The endangered leatherback sea turtle enjoyed a huge conservation victory this week. The hulking, jellyfish-eating reptile will be protected in ocean waters off the coasts of California, Oregon and Washington due to a settlement filed by the National Marine Fisheries Service and conservation groups. The current settlement proposes protecting 70,600 square miles of critical habitat, but the government has until November 15, 2011 to make a final rule.
The settlement marks a major turning point in a many-year effort by conservation groups to protect the embattled turtle, which travels some 6,000 miles from the western Pacific to the cool waters along the Western United States each summer and fall to feed on scores of jellyfish. According to the Center for Biological Diversity, “as few as 2,300 adult female western Pacific leatherbacks remain.”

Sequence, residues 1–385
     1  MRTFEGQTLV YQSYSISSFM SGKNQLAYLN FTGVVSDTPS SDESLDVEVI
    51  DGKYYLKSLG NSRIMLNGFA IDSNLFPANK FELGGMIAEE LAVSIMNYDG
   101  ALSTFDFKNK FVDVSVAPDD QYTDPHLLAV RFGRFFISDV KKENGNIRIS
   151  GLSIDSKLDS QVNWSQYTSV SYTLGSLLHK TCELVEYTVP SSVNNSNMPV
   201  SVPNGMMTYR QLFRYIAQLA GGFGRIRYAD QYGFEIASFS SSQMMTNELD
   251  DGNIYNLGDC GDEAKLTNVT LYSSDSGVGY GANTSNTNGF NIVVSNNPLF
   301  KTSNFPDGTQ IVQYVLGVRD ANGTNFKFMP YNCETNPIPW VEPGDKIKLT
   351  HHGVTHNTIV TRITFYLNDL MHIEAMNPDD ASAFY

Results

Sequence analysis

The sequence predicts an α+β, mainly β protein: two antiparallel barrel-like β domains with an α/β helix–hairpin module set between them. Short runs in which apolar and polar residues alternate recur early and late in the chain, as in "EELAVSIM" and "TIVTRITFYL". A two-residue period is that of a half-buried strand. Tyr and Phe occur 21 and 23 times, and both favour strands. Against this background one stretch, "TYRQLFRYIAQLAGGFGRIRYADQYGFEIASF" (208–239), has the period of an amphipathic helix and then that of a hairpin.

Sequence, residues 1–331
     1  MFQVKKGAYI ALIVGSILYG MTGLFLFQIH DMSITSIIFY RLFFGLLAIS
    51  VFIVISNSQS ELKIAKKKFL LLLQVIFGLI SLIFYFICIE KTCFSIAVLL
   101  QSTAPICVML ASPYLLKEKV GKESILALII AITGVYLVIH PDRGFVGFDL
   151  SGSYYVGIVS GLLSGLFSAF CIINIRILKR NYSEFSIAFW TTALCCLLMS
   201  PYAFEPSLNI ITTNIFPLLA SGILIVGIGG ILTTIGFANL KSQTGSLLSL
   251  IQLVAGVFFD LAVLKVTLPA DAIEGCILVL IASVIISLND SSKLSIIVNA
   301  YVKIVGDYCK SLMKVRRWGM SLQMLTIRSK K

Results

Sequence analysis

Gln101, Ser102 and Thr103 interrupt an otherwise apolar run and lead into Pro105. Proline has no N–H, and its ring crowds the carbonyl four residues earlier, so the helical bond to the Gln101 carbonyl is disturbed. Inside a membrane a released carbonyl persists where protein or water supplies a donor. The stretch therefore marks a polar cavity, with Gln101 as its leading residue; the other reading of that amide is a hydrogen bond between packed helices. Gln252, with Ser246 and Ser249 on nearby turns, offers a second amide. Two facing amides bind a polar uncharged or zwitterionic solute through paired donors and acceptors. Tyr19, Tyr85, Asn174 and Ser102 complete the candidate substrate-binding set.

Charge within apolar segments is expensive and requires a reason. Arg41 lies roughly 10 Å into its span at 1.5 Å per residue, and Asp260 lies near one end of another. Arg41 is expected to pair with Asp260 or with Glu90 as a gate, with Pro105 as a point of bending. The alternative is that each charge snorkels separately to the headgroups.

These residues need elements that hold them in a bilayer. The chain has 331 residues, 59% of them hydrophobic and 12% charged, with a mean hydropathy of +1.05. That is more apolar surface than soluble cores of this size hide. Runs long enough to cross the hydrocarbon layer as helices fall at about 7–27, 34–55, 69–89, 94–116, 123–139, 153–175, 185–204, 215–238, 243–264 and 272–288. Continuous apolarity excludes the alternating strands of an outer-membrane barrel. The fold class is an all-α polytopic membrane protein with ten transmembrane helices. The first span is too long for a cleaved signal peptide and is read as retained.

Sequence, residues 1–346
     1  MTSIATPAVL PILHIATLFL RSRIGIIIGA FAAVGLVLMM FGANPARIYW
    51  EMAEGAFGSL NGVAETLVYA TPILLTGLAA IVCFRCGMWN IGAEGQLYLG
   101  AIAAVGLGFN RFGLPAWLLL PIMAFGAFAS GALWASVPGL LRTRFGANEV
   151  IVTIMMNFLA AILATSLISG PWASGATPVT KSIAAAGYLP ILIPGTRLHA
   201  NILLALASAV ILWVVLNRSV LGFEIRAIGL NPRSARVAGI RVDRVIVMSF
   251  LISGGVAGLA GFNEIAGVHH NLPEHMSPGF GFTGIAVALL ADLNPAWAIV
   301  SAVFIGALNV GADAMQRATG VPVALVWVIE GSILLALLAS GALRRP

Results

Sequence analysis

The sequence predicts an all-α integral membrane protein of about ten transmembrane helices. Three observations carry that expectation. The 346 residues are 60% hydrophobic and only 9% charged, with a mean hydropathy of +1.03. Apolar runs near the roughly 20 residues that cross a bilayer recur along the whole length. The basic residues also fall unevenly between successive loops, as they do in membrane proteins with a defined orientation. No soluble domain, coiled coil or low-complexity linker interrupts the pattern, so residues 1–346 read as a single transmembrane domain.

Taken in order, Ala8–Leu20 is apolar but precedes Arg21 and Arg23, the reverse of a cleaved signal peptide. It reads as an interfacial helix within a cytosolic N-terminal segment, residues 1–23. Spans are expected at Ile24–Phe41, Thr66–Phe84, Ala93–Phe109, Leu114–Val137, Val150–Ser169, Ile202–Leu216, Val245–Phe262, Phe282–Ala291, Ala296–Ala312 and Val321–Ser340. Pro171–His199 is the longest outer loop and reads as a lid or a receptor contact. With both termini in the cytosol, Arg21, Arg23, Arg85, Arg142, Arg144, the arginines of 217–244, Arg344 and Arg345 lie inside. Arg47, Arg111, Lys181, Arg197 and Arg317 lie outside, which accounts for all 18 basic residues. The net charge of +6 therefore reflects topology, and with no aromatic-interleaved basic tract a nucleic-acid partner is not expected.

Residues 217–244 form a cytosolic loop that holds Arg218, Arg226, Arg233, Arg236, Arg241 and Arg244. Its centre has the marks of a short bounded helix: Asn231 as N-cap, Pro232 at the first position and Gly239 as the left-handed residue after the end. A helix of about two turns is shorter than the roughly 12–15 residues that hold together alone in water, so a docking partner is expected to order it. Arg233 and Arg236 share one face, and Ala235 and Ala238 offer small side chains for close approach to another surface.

Reporter Adelaide Chen explores the natural history of leatherbacks and the legal battle to protect them through a series of video interviews made available to Way Out West.